On May 4, 2012, the Commonwealth filed a criminal information charging Appellant with multiple offenses, including persons not to possess firearms. On June 18, 2012, Appellant filed a suppression motion. In it, Appellant asserted that his arrest was illegal, and the police lacked probable cause to support the issuance of the search warrant. Appellant concluded the court should suppress all evidence obtained as a result of his illegal arrest and the defective warrant. The court conducted a suppression hearing on November 7, 2012. Following the hearing, the court denied Appellant's suppression motion.

Appellant immediately proceeded to a bench trial where the Commonwealth pursued a single count of persons not to possess firearms. At the conclusion of trial, the court found Appellant guilty. On January 2, 2013, the court sentenced Appellant to four (4) to eight (8) years' imprisonment, followed by two (2) years' probation. Appellant did not file post-sentence motions.

Appellant timely filed a notice of appeal on January 31, 2013. On March 18, 2013, the court ordered Appellant to file a concise statement of errors complained of on appeal, pursuant to Pa.R.A.P. 1925(b). Appellant timely filed a Rule 1925(b) statement on April 5, 2013.

As a preliminary matter, appellate counsel seeks to withdraw his representation pursuant to Anders v. California, 386 U.S. 738, 87 S.Ct. 1396, 18 L.Ed.2d 493 (1967) and Commonwealth v. Santiago, 602 Pa. 159, 978 A.2d 349 (2009). Anders and Santiago require counsel to: 1) petition the Court for leave to withdraw, certifying that after a thorough review of the record, counsel has concluded the issues to be raised are wholly frivolous; 2) file a brief referring to anything in the record that might arguably support the appeal; and 3) furnish a copy of the brief to the appellant and advise him of his right to obtain new counsel or file a pro se brief to raise any additional points the appellant deems worthy of review. Santiago, supra at 173-79, 978 A.2d at 358-61. Substantial compliance with these requirements is sufficient. Commonwealth v. Wrecks, 934 A.2d 1287, 1290 (Pa.Super. 2007). "After establishing that the antecedent requirements have been met, this Court must then make an independent evaluation of the record to determine whether the appeal is, in fact, wholly frivolous." Commonwealth v. Palm, 903 A.2d 1244, 1246 (Pa.Super. 2006) (quoting Commonwealth v. Townsend, 693 A.2d 980, 982 (Pa.Super. 1997)).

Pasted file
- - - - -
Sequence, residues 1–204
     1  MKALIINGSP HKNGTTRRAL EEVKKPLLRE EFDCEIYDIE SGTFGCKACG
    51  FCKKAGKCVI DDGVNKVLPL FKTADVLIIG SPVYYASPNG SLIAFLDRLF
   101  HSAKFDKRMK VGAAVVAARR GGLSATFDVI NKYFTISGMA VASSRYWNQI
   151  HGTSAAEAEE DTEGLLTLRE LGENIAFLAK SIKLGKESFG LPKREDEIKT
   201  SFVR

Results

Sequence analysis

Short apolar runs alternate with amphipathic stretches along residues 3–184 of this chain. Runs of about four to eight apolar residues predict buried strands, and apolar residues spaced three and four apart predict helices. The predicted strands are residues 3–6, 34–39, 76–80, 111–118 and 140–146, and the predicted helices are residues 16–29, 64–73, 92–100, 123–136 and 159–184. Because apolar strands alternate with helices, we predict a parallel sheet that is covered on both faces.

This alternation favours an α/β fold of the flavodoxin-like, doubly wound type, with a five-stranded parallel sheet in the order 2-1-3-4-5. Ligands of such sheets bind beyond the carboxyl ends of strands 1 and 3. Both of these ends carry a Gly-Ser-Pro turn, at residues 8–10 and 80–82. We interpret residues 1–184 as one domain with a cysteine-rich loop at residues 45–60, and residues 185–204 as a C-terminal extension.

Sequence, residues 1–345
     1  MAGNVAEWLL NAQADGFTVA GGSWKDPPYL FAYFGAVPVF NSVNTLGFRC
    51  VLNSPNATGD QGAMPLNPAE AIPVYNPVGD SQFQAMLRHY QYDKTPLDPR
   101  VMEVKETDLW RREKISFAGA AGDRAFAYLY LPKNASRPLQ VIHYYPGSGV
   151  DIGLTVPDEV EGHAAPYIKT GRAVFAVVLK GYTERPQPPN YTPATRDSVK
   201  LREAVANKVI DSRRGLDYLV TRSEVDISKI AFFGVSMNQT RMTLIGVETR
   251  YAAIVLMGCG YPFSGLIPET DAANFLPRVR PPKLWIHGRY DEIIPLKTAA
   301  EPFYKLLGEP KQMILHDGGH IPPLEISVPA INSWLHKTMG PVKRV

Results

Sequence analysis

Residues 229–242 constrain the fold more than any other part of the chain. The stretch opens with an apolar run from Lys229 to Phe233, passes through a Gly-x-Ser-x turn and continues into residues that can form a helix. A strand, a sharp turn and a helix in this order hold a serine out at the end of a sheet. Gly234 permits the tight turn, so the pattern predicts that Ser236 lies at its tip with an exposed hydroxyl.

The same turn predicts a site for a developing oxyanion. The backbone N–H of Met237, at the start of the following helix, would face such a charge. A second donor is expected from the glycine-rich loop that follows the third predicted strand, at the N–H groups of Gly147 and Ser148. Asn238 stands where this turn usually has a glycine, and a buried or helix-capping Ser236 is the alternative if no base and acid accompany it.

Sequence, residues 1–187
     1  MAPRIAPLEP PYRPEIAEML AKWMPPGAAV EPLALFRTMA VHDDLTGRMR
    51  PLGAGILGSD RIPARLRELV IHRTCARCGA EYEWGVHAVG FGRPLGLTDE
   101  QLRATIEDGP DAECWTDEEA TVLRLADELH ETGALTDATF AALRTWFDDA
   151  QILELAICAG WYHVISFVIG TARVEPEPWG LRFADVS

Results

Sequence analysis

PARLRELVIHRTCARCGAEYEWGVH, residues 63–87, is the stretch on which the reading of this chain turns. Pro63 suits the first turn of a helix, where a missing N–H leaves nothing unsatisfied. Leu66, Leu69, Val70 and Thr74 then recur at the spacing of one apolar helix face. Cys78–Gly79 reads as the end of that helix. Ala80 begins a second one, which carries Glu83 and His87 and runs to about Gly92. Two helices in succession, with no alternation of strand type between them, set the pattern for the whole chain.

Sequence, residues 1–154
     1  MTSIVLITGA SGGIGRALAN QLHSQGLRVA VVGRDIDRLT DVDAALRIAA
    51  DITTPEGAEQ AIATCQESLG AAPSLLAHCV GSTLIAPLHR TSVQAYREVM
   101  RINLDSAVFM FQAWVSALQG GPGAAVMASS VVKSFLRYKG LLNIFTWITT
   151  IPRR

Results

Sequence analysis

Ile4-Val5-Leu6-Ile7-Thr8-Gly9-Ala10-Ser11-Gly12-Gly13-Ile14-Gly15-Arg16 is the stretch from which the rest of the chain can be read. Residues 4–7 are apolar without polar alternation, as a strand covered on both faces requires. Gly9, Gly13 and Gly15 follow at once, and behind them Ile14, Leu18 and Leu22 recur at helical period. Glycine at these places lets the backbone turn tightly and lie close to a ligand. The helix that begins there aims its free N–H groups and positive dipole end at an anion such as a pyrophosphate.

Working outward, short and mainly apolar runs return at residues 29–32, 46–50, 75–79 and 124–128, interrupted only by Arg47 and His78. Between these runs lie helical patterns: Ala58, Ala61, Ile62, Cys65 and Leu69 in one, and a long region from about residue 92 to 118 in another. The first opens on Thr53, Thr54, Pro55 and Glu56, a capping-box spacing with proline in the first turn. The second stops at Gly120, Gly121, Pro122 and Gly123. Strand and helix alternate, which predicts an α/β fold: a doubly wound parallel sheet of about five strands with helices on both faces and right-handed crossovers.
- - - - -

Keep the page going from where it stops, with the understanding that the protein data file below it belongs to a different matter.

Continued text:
In Santiago, supra, our Supreme Court addressed the briefing requirements where court-appointed appellate counsel seeks to withdraw representation:

Neither Anders nor McClendon[3] requires that counsel's brief provide an argument of any sort, let alone the type of argument that counsel develops in a merits brief. To repeat, what the brief must provide under Anders are references to anything in the record that might arguably support the appeal.
Under Anders, the right to counsel is vindicated by counsel's examination and assessment of the record and counsel's references to anything in the record that arguably supports the appeal.

Santiago, supra at 176, 177, 978 A.2d at 359, 360. Thus, the Court held:

[I]n the Anders brief that accompanies court-appointed counsel's petition to withdraw, counsel must: (1) provide a summary of the procedural history and facts, with citations to the record; (2) refer to anything in the record that counsel believes arguably supports the appeal; (3) set forth counsel's conclusion that the appeal is frivolous; and (4) state counsel's reasons for concluding that the appeal is frivolous. Counsel should articulate the relevant facts of record, controlling case law, and/or statutes on point that have led to the conclusion that the appeal is frivolous.

Id. at 178-79, 978 A.2d at 361.

Instantly, appellate counsel filed a petition to withdraw representation. The petition states counsel engaged in an extensive review of the record and concluded there are no issues of merit to raise on appeal. Counsel indicates he notified Appellant of the withdrawal request. Counsel also supplied Appellant with a copy of the brief and a letter explaining Appellant's right to proceed pro se or with new privately retained counsel to raise any points Appellant deems worthy of consideration. In his Anders brief, counsel provides a summary of the facts and procedural history of the case. Counsel refers to evidence in the record that may arguably support the issues raised on appeal, and he provides citations to relevant law. The brief also provides counsel's reasons for his conclusion that the appeal is wholly frivolous. Therefore, counsel has substantially complied with the requirements of Anders and Santiago.